The Vatican insisted nothing was amiss and that the five cardinals would be present in the coming days. But their absence prompted questions about what could possibly be more important than participating in these days of discernment and discussion to decide who will succeed Benedict XVI, who retired last week.
Cardinals in Rome stressed the importance of these sessions to discuss the problems of the church and to get to know one another because there is no clear front-runner in the election. They seemed to be in no hurry to even officially set a date for the conclave.
"It takes as long as it takes," U.S. Cardinal Daniel Di Nardo told reporters. "No one wants to rush this."
That said, Di Nardo said he hoped to be home for Holy Week, which starts March 24 with Palm Sunday. When challenged about the tight timeframe, Di Nardo acknowledged the importance of the task at hand and said his archdiocese in Galveston-Houston Texas could do without him if need be.
Meanwhile, preparations for the conclave continued with Michelangelo's frescoed Sistine Chapel closing at 1 p.m. to visitors, one of the first visible signs that the election was nearing. Construction work involves installing a false floor to cover anti-bugging devices and even it out, as well as installing the stove where the ballots will be burned.
A total of 110 of the 115 voting-age cardinals attended the second day of preparatory meetings Tuesday to organize the conclave, the Vatican said.
Those still making their way to Rome were: Egyptian Patriarch Antonios Naguib, and Cardinals Karl Lehmann of Germany, Jean-Baptiste Pham of Vietnam, Kazimierz Nycz of Poland and John Tong Hon of Hong Kong, the Vatican said.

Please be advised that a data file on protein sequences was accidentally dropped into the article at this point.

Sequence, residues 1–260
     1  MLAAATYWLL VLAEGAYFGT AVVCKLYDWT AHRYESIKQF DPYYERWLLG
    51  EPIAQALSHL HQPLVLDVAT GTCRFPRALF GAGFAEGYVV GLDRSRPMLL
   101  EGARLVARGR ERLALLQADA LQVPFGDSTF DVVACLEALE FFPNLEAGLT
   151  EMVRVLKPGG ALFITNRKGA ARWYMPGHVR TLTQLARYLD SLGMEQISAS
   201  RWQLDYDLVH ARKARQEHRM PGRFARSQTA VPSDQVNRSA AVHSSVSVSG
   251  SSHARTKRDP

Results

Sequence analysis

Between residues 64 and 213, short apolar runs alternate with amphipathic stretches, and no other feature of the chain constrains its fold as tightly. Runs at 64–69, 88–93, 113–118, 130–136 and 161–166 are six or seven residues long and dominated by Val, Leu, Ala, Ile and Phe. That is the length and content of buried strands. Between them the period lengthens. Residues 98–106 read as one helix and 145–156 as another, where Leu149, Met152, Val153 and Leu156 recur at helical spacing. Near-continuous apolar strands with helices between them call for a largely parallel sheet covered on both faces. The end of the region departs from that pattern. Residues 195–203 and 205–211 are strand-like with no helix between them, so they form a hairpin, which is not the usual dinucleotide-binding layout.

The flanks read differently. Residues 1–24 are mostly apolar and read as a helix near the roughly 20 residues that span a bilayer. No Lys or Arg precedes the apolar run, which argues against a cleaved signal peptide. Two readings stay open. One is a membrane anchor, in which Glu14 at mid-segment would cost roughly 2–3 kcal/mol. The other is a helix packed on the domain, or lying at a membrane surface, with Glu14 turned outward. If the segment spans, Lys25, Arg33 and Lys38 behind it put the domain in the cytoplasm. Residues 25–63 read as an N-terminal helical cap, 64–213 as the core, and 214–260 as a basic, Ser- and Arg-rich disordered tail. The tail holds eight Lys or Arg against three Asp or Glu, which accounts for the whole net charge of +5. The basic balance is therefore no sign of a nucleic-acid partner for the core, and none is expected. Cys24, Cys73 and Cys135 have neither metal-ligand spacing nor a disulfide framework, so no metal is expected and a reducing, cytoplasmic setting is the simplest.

"Everyone knows how to evaluate his commitments," the Vatican spokesman the Rev. Federico Lombardi said when asked why the cardinals were still absent. "They know they have the obligation and commitment to come for the conclave, and they know the congregations have begun and are making their plans to arrive."
He noted that one cardinal had an important meeting of bishops to attend to; another reported having a speaking engagement.
During the second day of pre-conclave meetings, cardinals asked for information about the management of the Vatican bureaucracy - and managers responded - after some cardinals said they wanted to get to the bottom of allegations of corruption and cronyism in the Holy See's governance.
Citing his pledge of secrecy, Lombardi refused to say who responded and whether the questions referred to the leaks of Vatican documents, which exposed evidence of turf battles and political intrigue.
Also Tuesday, cardinals signed off on a telegram sent to Benedict XVI thanking him for his "brilliant" ministry and his "untiring work in the vineyard of the Lord."
And the Vatican showed off the urns into which the cardinals will place their ballots, the same silver and bronze flying-saucer-like urns used in the 2005 conclave that elected Cardinal Joseph Ratzinger pope.